The Model Makers: Richard Threadgill Associates
Why, in the age of CGI and 3D printing, are architectural models still relevant? Betty Wood goes to the studio of one of London’s leading model makers to find out. Photography Liz Seabrook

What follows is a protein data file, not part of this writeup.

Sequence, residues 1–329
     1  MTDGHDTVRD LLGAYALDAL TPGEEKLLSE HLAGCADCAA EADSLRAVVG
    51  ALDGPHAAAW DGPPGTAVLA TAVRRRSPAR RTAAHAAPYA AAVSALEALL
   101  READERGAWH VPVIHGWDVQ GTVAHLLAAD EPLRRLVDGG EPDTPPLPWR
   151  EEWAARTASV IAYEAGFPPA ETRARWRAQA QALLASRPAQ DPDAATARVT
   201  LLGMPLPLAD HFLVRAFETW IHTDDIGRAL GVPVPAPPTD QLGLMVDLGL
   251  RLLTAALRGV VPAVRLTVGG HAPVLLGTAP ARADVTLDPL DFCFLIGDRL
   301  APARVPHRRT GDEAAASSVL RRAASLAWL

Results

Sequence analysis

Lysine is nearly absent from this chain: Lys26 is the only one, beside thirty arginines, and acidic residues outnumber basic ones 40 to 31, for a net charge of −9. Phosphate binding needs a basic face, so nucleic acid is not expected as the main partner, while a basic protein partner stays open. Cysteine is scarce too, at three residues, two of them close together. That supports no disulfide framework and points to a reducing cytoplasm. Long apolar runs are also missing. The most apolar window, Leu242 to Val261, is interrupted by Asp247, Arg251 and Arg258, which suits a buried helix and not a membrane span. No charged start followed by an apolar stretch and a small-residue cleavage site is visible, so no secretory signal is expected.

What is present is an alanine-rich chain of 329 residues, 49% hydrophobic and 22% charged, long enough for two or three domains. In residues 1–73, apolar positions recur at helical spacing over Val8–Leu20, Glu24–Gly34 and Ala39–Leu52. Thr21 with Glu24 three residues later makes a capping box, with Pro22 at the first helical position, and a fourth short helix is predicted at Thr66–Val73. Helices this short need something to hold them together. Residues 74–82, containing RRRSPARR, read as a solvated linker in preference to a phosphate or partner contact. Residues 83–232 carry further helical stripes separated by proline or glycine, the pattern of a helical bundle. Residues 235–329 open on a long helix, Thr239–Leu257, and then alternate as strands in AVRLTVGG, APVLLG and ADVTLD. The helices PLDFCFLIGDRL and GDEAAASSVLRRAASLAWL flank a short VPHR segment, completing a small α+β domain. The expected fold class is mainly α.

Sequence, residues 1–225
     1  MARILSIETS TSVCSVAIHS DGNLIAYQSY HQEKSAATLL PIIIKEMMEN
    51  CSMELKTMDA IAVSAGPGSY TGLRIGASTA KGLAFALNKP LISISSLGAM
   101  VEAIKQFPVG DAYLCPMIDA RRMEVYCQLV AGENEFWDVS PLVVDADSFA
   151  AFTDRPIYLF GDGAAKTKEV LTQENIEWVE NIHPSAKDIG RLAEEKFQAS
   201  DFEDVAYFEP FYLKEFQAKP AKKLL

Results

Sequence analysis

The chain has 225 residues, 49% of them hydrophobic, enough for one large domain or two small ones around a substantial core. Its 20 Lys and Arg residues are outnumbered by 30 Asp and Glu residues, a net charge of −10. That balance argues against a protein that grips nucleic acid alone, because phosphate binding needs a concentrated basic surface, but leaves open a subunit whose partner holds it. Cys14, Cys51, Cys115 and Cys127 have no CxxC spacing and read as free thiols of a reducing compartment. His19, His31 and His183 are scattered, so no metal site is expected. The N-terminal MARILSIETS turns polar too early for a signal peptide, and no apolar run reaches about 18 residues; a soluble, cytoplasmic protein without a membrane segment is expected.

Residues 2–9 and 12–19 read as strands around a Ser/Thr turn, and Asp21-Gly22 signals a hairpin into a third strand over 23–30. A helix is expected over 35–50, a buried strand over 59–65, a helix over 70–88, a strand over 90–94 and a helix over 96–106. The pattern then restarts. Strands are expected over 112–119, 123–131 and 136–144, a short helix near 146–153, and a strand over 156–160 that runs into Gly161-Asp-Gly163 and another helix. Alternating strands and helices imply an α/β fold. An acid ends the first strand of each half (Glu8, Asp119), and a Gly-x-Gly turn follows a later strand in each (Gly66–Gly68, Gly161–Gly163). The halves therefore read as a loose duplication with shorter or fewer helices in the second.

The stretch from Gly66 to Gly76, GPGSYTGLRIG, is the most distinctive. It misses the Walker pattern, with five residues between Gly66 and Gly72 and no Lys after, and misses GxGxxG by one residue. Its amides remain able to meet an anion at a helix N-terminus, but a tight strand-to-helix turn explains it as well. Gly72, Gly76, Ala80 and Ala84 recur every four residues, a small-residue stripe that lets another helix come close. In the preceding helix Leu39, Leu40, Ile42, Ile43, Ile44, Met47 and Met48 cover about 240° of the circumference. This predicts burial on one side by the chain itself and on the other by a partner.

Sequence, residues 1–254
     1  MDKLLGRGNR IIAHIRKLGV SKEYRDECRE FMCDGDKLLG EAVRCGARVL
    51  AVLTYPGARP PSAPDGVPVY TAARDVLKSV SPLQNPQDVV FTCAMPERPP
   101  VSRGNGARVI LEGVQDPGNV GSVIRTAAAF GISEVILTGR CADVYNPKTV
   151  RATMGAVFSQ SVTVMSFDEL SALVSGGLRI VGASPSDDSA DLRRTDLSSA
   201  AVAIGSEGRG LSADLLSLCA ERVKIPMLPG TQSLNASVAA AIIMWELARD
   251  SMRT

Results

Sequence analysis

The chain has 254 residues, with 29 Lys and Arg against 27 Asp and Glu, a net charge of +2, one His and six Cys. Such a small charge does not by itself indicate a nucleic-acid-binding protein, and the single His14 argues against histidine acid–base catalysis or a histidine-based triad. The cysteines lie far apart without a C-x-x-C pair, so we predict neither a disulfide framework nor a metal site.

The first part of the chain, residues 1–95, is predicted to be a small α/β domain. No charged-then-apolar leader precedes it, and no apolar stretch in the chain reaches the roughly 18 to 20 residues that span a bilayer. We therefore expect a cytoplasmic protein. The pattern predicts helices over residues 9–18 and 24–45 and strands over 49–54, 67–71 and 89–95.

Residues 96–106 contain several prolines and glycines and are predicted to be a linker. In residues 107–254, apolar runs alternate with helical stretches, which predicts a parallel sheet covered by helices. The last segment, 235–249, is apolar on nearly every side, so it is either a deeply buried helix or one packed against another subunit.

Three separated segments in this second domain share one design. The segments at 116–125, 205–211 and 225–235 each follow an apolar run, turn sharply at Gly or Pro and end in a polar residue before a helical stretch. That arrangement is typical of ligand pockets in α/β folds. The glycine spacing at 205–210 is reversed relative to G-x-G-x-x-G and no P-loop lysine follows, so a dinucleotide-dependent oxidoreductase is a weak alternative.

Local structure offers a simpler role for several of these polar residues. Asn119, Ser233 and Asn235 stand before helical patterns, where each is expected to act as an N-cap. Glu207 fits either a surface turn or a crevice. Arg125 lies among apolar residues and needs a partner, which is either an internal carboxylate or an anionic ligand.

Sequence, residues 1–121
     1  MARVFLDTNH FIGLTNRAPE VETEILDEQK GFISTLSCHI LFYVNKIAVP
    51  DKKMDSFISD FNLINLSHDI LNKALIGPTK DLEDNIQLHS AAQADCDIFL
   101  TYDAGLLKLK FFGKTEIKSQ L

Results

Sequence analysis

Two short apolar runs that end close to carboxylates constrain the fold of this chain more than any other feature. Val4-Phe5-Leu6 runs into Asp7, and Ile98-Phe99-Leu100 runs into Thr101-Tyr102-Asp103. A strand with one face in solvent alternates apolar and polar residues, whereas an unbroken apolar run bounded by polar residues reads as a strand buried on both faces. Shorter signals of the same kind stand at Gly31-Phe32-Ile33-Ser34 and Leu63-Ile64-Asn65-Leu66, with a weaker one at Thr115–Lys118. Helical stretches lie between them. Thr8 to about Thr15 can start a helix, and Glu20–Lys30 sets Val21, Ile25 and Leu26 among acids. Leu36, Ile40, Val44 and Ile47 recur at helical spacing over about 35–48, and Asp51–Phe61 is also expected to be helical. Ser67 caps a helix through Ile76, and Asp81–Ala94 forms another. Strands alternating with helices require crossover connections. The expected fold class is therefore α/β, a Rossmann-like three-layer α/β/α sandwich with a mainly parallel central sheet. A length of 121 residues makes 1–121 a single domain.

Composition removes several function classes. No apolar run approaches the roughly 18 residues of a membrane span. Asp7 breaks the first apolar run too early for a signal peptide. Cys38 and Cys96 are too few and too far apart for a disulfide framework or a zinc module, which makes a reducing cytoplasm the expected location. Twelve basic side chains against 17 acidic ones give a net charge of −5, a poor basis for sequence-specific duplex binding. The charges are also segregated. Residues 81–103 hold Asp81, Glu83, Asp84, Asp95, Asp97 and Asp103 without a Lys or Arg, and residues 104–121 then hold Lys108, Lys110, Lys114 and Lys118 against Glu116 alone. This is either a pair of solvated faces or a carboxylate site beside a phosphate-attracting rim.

Making architectural models is very Zen. Or, at least it seems to be. Wandering around the workshop of Richard Threadgill Associates, save the occasional high-pitched neeeyhaaaah of a band saw slicing through sheets of wood out back, the studio is a peaceful level of quiet somewhere above silent, but below the buzzing sound of a normal office. I’m reminded of the workshops in a watchmaking factory, where technicians and specialists sit at benches, silently tweezering components into place to the soundtracks of their Discmans.